Fantasy Sports, Analytics, and the Enterprise
- By Brian J. Dooley
- September 7, 2016
When asked why he robbed banks, Willie Sutton famously replied, “Because that’s where the money is.” Today, everyone is looking at fantasy sport -- particularly fantasy football -- for the same reason: it’s where the action is. Growth of fantasy sport coincides with increasing interest in and understanding of data and algorithms throughout business. As a game of numbers, it is no wonder that data scientists have taken an active interest in fantasy sport. This is no longer a casual hobby.
Growth of Fantasy Sports
Fantasy sport participants act as owners of a team that they assemble from real-world players through a “draft.” The draft value of individual players is based on their real-world statistics. Each week, the players in fantasy rosters are accorded points based on their real-world performance. The fantasy team owner with the largest point total for that week wins the game. Money is often at stake, be it a small amount when playing against office co-workers or more significant amounts when playing against thousands of competitors online.
Although no prediction method is a sure thing, those with a casual interest are likely to lose out to increasingly sophisticated professionals. The amount spent is staggering. The Fantasy Sports Trade Association (FSTA) estimates that players spent $556 per year on fantasy sports. With participation in excess of 57 million players and growing, this could reach as high as $32 billion per year.
Source: Fantasy Sports Trade Association (FSTA)
The Data Is Real
Initially, fantasy sport statistics were handled by simple spreadsheets assembled by dedicated fans. In today's fantasy sports arena, expect to see massive amounts of data.
Data is freely distributed by the NFL in huge quantities, including the usual statistics on passes, touchdowns, and so forth. To this, we can now add all social interactions and social feeds, newspaper reviews, injury reports, and other potential influencing factors (such as weather).
At the same time, the ability to store and manipulate data has grown astronomically with the introduction of big data, deep learning, predictive analytics, and artificial intelligence. These new elements are being rushed into the fantasy lineup as quickly as possible.
The largest winner is reportedly a professional player, Saahil Sud, who has made over $3.5 million in the game. It is little surprise that Sud began his career in fantasy sports after leaving a position as a data scientist with a Cambridge, Massachusetts, company.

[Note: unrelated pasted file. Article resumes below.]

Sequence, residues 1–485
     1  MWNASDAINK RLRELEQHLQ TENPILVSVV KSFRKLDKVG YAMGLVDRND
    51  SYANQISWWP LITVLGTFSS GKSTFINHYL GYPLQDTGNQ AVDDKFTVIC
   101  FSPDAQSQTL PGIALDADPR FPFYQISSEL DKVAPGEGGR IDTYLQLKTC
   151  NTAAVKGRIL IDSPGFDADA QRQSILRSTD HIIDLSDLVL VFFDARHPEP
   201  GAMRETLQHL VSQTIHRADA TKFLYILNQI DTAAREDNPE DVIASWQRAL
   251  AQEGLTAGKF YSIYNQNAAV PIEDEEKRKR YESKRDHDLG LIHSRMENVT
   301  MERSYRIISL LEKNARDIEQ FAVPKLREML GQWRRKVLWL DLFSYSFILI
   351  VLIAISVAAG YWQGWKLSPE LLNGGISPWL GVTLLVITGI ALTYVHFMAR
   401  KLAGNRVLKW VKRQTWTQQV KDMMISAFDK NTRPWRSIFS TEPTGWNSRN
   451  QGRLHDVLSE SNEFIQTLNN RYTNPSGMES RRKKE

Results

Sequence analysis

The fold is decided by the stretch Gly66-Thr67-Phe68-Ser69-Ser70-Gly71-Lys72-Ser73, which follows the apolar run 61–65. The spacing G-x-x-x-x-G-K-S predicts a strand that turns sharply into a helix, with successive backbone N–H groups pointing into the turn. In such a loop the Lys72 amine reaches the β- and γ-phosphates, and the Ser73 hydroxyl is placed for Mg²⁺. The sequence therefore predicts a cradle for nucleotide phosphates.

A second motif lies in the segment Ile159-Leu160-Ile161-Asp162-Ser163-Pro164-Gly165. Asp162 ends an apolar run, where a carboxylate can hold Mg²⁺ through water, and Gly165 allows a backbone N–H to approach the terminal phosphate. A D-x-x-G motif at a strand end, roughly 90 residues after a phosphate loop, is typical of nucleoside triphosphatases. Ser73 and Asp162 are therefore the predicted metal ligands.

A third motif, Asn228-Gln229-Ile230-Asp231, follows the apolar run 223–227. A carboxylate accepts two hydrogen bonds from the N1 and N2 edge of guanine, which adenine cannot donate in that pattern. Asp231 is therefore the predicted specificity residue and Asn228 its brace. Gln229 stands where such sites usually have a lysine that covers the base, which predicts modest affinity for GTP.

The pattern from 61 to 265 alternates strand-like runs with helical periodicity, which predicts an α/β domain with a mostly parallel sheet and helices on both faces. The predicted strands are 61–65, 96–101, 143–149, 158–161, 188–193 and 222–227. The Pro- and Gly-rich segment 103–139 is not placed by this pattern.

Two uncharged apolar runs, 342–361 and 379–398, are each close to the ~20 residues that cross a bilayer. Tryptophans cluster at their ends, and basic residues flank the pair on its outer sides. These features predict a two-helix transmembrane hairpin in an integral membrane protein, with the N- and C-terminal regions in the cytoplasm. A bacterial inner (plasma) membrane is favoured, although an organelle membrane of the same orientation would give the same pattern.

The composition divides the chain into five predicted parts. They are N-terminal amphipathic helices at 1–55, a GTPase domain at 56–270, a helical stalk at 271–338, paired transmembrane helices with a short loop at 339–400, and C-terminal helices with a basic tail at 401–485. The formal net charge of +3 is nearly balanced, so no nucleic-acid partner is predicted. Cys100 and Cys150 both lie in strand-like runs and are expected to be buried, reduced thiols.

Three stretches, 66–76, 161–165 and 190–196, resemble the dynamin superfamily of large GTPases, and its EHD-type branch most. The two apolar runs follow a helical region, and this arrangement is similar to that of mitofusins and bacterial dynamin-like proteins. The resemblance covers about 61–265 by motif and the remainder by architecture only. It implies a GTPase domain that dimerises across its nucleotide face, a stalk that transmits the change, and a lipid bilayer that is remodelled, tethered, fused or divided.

Big Firms Using as a Case Study
This new set of data has also attracted serious business analytics firms. For companies such as IBM and SAP, fantasy sport provides a way to showcase their sophisticated analytics products. As these products are applied, the likelihood of winning for a non-technologist is further diminished.
For example, IBM is using its Watson Cognitive Computing engine, the same solution that beat Jeopardy champions, to scour all relevant social media and statistics and deliver predictions for fantasy rosters with the highest likelihood of winning in a particular week.
IBM is partnering with IT fantasy football start-up Edge Up to provide its fantasy solution. This gives Watson publicity and provides a statistical advantage to players. Watson reads millions of Internet pages per second and gathers all relevant information, then applies a variety of APIs to digest the data and make predictions.
Another industry effort, this one from Intel and SAP, is a comparison tool that uses SAP's Hana in-memory database to provide access to advanced analytics for developing any fantasy roster.
Specialists and Specialized Products Appearing
In addition to general business analytics programs, innumerable niche products offering predictive and prescriptive analytics focusing on fantasy football have begun to appear. Many of these also provide a mobile emphasis to make them more accessible throughout the day and more attractive to the digital generation.
One example is a program called NumberFire, a service that claims its user’s teams perform 30 percent better using predictive analytics and crowdsourced knowledge to form team rosters.
Then there are the data scientists. Anyone who can build their own algorithm in R, use Hadoop, or integrate a variety of predictive mechanisms to create a unique and accurate result can potentially beat the odds. The specific techniques tend to be secret. The top ranked players generally have their own algorithms and programs, because use of programs -- as we know from the stock market -- can create uniformity that makes obtaining a performance advantage more difficult.
Undoubtedly, the Wild West environment will be challenged as the inequities of playing against sophisticated data programs become more evident to regulators. There are already several legal challenges in the offing, many of which challenge the gambling aspect of fantasy sites.
A Fertile Training Ground
On a positive note, fantasy sport is feeding a wider understanding of data and statistics with its huge and growing popularity. It is perhaps an ideal early experience for the budding data scientist. It is already having an effect within companies in making data and the consequences of data analysis more visible. The availability of potentially very large jackpots only increases interest.
Plus, of course, it is a real-world means of testing and improving big data, machine learning, and artificial intelligence platforms. To compete effectively, programs need to understand complex games and the intersection between game statistics and real-world outcomes.
There is an arms race afoot. Casual fans will migrate to less competitive platforms. The digital, statistical competition will likely grow both fiercer and more remunerative over time.